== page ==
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My company is evaluating a plan to migrate from Windows to Linux. Can you suggest something in Linux analogous to roaming user profiles and domain users in an Active Directory environment?

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up vote 7 down vote accepted

There's actually not one solution to this, but a kazillion.

The single sign-on that Active Directory does, is nothing more than Kerberos and delegation of credentials. We can do that too, using a Linux KDC or your old domain controllers. No problem: there's your domain users.

Roaming profiles exist (iirc, my Windows days are far behind me) in different forms: you can have the user data on a network share, or you can have (a part of) the user data on the local filesystem and some more data of the same user on a network share.

Both are possible, though the first is easier: with a something like NFS, or even GFS (which has some brilliant features for using it as a filesystem for shared home-directories), having home-directories - and thus user profiles - on the network is easy. Just make sure to use NFSv4 (or Kerberos enabled NFSv3, if you cannot pull off NFSv4) to provide some security and integrity of your data.

Having parts of the user data on a share and parts of it locally either means mounting, for example, /home/user/Documents over NFS again or using one filesystem to 'lay over' another one. I'm not sure how robust that is though, and I'd recommend you go for option 1: everything on a network share.

I'd also recommend hiring someone how know his Linux, btw. It's going to be tough to do this and be successful - both financially and technically - if you are doing this all for the first time. Good luck.

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You may want to look into the 389 Directory Server Project (Formerly FedoraDS) which is an LDAP server.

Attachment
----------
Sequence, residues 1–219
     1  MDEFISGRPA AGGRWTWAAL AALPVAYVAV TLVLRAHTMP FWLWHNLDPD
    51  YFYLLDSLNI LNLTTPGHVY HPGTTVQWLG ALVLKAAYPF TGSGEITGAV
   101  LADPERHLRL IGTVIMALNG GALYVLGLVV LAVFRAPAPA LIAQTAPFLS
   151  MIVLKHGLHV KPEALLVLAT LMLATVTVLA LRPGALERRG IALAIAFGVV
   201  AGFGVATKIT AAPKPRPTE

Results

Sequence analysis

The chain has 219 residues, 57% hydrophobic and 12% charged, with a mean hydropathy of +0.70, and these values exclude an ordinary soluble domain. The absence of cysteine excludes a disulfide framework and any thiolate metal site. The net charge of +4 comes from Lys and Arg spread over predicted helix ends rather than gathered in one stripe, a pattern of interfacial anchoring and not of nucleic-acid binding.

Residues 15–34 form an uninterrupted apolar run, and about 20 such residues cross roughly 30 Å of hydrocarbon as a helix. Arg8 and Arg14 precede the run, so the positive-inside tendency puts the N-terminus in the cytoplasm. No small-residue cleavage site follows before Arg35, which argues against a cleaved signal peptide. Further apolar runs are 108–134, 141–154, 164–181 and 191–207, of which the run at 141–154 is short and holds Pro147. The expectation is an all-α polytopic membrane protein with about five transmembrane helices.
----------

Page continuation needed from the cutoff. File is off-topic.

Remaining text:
It would take the place of Active directory (it is completely configurable to do tls authentication and provides a new GUI for an admin).

Then you set up NFS shares on a server (as wzzrd mentioned), set your automount configuration files on your local machines, and you should be all set. What you would get is a single login (handled via LDAP/389DS) with remotely mounted directories, as long as one of them is the users home directory (auto.home) then a user would get their home directory mounted on login which is exactly what you want.

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Not really an answer but I've noticed that windows explicitly separates roaming data from local data.

The following folder is not included when synchronising your profile on log on/off (winxp path).

C:\Documents and Settings\tim\Local Settings

however most other folders are. You can also set explicit exclusions on the server which the client will obey.

As far as I know most linux apps and distributions make no attempt to separate out things which should be syncronised (documents and settings) and things which shouldn't (eg the nautilus thumbnail cache, which can be huge).

I'd love to see a resolution to this, both in terms of complete migration to linux, and also interoperability for mixed environments (linux clients making use of profile facilities provided by windows servers).

I suggest bearing this in mind when setting up a solution, as synchronisation of over-sized profiles are a regular cause of slow log on/off complaints for windows users.

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